To Build a Fire in the Heart of Our Country

Photo Source Felton Davis | CC BY 2.0

But for most of us, the movement was a life-giving force. To join a hundred thousand others in marches and rallies, to know that even if you felt helpless against the power of government you were not alone in your feelings—that people all over the country, of all ages, black and white, working people and middle-class people, were with you—was to be moved beyond words. … to see Mohammed Ali defy the authorities even at the cost of his championship title, to hear Martin Luther King speak out against the war, to see little children marching with their parents, carrying signs—“Save the children of Vietnam”—was to feel the best of human beings were fighting your cause. … millions of people protested the war not because their own lives were at stake, but because they truly cared about other people’s lives, the lives of Vietnamese, of fellow Americans.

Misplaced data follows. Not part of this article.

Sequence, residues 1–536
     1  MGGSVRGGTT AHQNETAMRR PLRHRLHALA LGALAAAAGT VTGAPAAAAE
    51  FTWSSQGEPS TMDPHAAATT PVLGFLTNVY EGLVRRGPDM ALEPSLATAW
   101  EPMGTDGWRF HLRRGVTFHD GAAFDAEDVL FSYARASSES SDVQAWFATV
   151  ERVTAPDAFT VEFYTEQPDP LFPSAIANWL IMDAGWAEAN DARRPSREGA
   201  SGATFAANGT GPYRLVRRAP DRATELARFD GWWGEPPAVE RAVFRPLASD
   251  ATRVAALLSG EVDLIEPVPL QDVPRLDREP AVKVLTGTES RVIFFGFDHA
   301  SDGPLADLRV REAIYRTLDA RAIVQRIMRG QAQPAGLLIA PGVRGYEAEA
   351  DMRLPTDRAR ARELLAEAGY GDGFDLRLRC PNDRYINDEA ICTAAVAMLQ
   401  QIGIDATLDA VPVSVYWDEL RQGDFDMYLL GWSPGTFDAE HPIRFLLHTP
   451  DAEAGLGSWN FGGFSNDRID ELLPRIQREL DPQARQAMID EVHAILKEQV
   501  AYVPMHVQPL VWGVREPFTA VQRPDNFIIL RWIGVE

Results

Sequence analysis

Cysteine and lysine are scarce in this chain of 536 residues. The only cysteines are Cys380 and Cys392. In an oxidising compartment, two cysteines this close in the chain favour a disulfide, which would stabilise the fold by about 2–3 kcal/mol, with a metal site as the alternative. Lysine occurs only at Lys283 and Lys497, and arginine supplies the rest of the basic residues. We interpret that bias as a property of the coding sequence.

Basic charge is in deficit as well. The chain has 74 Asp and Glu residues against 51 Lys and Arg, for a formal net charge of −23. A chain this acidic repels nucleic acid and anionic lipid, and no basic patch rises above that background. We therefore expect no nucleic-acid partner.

– from You Can’t Be Neutral On A Moving Train by historian and activist Howard Zinn.

When I was young and the war in Vietnam was raging, I rejected much of what I associated with a government and a society that could undertake the destruction of an entire people and still carry on as if there were nothing in the least bit abnormal about that state of affairs. In time, I saw that the way forward, at least for me, was to join those who understood just how evil the war was and how imperative it was for people to lift their voices, take to the streets, and risk their…

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